This month, the Prudential Regulation Authority (PRA), which is part of the Bank of England (BoE), will start to enforce tougher lending standards on buy-to-let portfolio landlords – those with four or more mortgaged buy-to-let properties.
We have created a guide for landlords on the new rules: /landlords-guide-pra-portfolio-underwriting-changes/
Be Prepared for New Buy-to-Let Portfolio Rule Changes this Month
Although the new buy-to-let portfolio rule changes are due to be introduced from 30th September 2017, some lenders will apply the new rules from today, 1st September.
We’ve spoken to London estate agent Portico about the upcoming buy-to-let portfolio rule changes.
The agent’s Regional Director, Mark Lawrinson, comments: “Under the new rules, if you want to make an application for a buy-to-let-mortgage on a new rental property, the lender will have to look at your entire property portfolio when they decide what mortgage deal they can offer on a single property.
“For example, if you have six properties and four are generating enough rental income to cover mortgage payments and then some, but the other two are not, your new mortgage application may not be approved by some lenders.”
He continues: “As of 30th September, lenders will also require a full breakdown of rental properties, a business plan, and cash flow projection to support a new application.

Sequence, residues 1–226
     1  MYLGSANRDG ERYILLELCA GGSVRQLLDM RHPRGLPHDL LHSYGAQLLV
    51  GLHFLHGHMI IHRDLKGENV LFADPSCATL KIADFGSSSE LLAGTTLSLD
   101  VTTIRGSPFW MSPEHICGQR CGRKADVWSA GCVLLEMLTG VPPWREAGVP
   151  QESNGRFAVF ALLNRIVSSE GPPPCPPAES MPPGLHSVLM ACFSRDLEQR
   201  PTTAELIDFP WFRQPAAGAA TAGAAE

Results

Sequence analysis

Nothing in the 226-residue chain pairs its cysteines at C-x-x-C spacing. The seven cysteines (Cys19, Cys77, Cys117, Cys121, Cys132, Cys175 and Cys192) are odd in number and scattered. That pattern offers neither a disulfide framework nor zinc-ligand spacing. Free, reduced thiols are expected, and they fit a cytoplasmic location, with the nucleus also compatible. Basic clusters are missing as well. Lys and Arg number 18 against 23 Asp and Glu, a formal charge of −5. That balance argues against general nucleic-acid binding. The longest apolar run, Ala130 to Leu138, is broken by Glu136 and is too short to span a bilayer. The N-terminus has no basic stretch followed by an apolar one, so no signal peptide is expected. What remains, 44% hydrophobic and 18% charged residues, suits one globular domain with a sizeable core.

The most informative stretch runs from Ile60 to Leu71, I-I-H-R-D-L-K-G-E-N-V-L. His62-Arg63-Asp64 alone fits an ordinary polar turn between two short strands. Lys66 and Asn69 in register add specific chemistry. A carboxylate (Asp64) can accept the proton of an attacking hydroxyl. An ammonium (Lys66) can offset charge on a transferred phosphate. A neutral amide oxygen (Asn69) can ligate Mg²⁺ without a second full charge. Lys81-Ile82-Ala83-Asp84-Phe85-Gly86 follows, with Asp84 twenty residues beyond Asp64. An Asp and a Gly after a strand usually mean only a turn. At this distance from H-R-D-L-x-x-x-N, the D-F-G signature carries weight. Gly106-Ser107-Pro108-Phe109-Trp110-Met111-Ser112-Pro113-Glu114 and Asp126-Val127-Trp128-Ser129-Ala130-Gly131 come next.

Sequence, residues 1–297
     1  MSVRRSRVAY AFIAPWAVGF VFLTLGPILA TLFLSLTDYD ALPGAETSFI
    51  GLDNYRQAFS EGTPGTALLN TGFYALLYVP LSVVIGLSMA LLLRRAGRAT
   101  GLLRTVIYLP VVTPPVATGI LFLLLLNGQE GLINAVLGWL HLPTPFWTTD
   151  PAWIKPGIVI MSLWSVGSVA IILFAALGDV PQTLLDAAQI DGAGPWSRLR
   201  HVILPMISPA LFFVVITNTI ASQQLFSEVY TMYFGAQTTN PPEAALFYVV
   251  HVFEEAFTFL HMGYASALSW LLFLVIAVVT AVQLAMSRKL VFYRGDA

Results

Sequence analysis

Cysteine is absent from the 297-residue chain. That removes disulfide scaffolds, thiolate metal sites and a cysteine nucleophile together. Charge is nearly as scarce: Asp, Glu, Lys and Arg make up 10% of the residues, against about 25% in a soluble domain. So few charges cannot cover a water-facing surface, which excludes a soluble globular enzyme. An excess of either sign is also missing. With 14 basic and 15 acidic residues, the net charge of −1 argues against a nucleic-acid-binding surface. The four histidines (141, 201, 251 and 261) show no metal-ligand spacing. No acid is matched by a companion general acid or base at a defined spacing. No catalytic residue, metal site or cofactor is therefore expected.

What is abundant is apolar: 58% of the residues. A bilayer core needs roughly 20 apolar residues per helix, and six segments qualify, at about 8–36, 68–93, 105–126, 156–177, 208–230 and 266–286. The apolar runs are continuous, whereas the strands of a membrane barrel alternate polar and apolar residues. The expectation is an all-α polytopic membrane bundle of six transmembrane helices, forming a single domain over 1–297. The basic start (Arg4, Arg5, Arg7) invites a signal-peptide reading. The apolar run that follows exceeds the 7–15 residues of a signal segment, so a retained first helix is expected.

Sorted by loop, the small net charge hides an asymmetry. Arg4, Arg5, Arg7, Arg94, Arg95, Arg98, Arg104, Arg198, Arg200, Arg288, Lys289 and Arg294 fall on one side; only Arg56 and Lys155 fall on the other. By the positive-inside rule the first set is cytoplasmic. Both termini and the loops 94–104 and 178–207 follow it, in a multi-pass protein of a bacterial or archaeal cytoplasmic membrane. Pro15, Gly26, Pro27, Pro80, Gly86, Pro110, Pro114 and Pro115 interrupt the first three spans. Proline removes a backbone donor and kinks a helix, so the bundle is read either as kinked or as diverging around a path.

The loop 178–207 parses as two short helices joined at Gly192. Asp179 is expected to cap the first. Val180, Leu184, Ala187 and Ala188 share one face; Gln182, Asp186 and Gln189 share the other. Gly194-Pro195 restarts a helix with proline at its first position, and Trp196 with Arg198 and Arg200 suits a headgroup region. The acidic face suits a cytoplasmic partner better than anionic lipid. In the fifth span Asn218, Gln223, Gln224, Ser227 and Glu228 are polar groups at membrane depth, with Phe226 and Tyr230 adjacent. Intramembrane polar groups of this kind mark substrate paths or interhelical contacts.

“As a result of the new buy-to-let lending changes, we may see a surge of rental stock come back on the market for sale, as landlords look to offload their weakest performing properties in order to get further lending on more potentially profitable properties.
“The new rules could also have a knock-on effect on rental prices, as landlords look to cover any shortfalls or carry out works to a property to both increase the capital value and the rent, in turn improving the yield and the return.”
Seasoned landlord and the London representative for the National Landlords Association (NLA), Richard Blanco, had this to say: “Landlords who want to remortgage or capital raise before being assessed through the new criteria will need to get their skates on. They may be too late for some lenders, who are applying the new rules from Friday 1st September.
“Many lenders will unfairly assess landlords’ existing mortgages through a 145% x 5.5% prism, even though they originally got their mortgages on looser criteria years ago. This could create mortgage prisoners: borrowers who are unable to switch lenders. This is a reminder that if you do remortgage to another lender, always choose one that has a good track record in switching customers to competitive follow-on rates once the initial product has expired.”
He adds: “Landlords are gradually waking up to the fact that they are having to borrow at a much lower loan-to-value [LTV], so they may not get further advances because rental coverage has to be much higher. If their regular lender has decided not to do business with portfolio landlords, they may need to take their business elsewhere.”
Portico also asked mortgage experts Capricorn Financial who the new buy-to-let portfolio rule changes will affect: “A few lenders are likely to withdraw from this arena as a result of the new rules. Santander have already indicated they will not lend to portfolio landlords for purchases or additional borrowing, while others have improved their offering through brokers – NatWest, for example, have gone from a maximum of four properties to ten.”
The new lending changes come on top of tighter stress tests for buy-to-let landlords, which came into force in January this year.